d. Observation: During this reporting period this battalion provided eight forward observer teams to ground forces in Northern I Corps. These teams, consisting of a forward observer, a recon sergeant, and a radio telephone operator, included assignments to Special Forces elements, 2nd ARVN Regiment, 101st Airborne Division (AMBL), and three permanent assignments to 3/5th Cavalry Squadron.
e. Logistics:(1) During the reporting period this battalion was engaged in extensive area improvement and a building program at Camp Carroll. Personnel bunkers and a large unit mess hall were completed. Battalion headquarters moved into a new bunker.
(2) Average Daily Deadline Rate for the reporting period were computed using the number of vehicles on hand, with the exception of wheeled vehicles. The deadline rate for wheeled vehicles was computed utilizing the number of vehicles authorized. The average daily deadline rates were as follows:
ITEM PER CENT SP Artillery, 175MM and 8 INCH 10.2% Other Tracked Vehicles 31.1% Wheeled Vehicles 14.3% FADAC Generators 11.6%
f. Civic Action: This battalion maintained four MEDCAPS at Duong Luong, An Lac, Dai Do, and Dong Ha City and added one during the reporting period at Gio Linh. The first four MEDCAPS were established in August and November 1968, and two in March 1969. During the reporting period, a total of 2500 patients were treated. In addition to treating the patients, the MEDCAPS included distribution of clothing, soap, and candy to the Vietnamese people.
g. Personnel and Administration:(1) Strength at the end of period (30 April 1970)
AUTHORIZED ASSIGNED OFF 37 33 WO 6 6 ENL 522 560 Total: 565 560
(2) Significant Shortages at the end of period (30 April 1970)
MOS TITLE AUTH ASG 13A10 Cannoneers 208 182 94B20 Cooks 29 25 13B40 Chief of Section & Gunners 52 48
(3) Casualties: Two WIA in Battery A, two WIA in Battery B, and two WIA in Battery C as a result of enemy action.
2. Lessons Learned: Commander’s Observations, Evaluations, and Recommendations.
a. Personnel: None
b. Intelligence: None.
c. Operations:(1) Marking Perimeters at Fire Bases(a) OBSERVATI0N: During enemy ground attacks at night on fire support bases it is many times very difficult for air support elements to accurately determine the edge of the friendly perimeter from the air.
(b) EVALUATION: Although ARA and gunships are available for defense of fire support bases, their inability to accurately fix the friendly perimeter may decrease their effectiveness considerably. This inability may often result in accidental friendly casualties or may cause the gunships to refuse to fire close-in support.
(c) RECOMMENDATION: Artillery ammunition cannisters, preferably 8” or 175MM, may be filled with diesel fuel and buried up to their rime along the edge of the defensive perimeter about 20 meters outside the interior wire and from 10 to 20 meters apart. These can then be ignited by a command fired trip flare mounted over the cannister of diesel to provide an excellent perimeter marking device. These “pots”? burn in excess of eight hours once ignited and may be immediately ignited at the first indication of a ground attack or probe. Once ignited, these pots will burn throughout the night outlining the fire base for supporting air as well as providing a substantial amount of ground illumination.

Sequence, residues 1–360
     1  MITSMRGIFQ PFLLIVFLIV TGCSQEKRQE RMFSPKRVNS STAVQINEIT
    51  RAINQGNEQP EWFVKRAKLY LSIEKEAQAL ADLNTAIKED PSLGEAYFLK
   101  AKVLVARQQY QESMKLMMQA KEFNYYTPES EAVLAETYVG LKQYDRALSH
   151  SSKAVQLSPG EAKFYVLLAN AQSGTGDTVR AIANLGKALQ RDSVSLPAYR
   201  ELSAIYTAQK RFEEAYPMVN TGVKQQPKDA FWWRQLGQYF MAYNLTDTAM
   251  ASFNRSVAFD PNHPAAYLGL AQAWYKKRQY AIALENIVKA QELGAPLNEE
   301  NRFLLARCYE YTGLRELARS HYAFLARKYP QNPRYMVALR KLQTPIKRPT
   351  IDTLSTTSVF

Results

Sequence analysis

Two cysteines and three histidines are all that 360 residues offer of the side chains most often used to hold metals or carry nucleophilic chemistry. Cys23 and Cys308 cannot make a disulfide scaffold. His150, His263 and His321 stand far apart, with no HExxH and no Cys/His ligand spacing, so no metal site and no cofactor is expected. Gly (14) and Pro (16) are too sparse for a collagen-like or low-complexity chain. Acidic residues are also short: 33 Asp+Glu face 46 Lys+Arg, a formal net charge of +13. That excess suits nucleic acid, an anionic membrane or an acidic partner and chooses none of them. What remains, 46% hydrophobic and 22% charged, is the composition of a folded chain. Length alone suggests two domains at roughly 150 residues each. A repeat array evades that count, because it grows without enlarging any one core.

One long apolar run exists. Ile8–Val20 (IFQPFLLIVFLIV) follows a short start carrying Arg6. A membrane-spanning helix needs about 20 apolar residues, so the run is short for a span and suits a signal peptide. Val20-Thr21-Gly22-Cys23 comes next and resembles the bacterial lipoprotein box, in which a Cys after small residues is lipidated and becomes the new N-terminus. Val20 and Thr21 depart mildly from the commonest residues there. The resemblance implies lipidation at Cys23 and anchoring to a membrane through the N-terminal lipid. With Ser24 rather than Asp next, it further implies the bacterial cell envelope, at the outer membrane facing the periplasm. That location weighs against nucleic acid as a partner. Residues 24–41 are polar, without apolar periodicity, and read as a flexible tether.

(2) Self-Illumination Capability at Fire Support Bases(a) OBSERVATION: For units without an organic illumination capability in locations where there is a very limited amount of artillery with an illumination capability, difficulty sometimes arises in response time for requested illumination.
(b) EVALUATION: Units in fairly permanent fire bases not defended by an infantry unit or some force with the specific designated task of base defense many times have no self-illumination capability. When there are many small units in the field in night defensive positions and when the artillery illumination capability in that area of operations is very limited, the need for self-illumination may very easily arise. Should the artillery illumination capability be over-extended at any time by illumination requests for the NDP’s, the unit without a self-illumination capability may find itself not able to illuminate its perimeter in case of attack.
(c) RECOMMENDATION: An 81MM mortar may be procured and a crew easily trained to fire illumination only. Once a crew is trained, the individuals can be placed on stand-by during the night to provide immediate illumination should artillery illumination not be available. The addition of four mortar crews per heavy artillery battalion is also recommended as a modification of the TOE for heavy artillery units engaged in Vietnam.
d. Organization: None.
e. Training: None.
f. Logistics: None.
g. Communications: None.
h. Material: None.
ROSS E. DUNCAN LTC, FA Commanding 1 Incl DISTRIBUTION: 2-CINCUSARPAC, ATTN: CPOP-DT 3-CG, USARV, ATTN: AVHGC (DST) 4-CG XXIV Corps, ATTN: AVII-GCT 12-CO, 108th Arty Gp., ATTN: AVIID-C 5-C0, 8th Bn, 4th Arty, ATTN: AVIIDD-C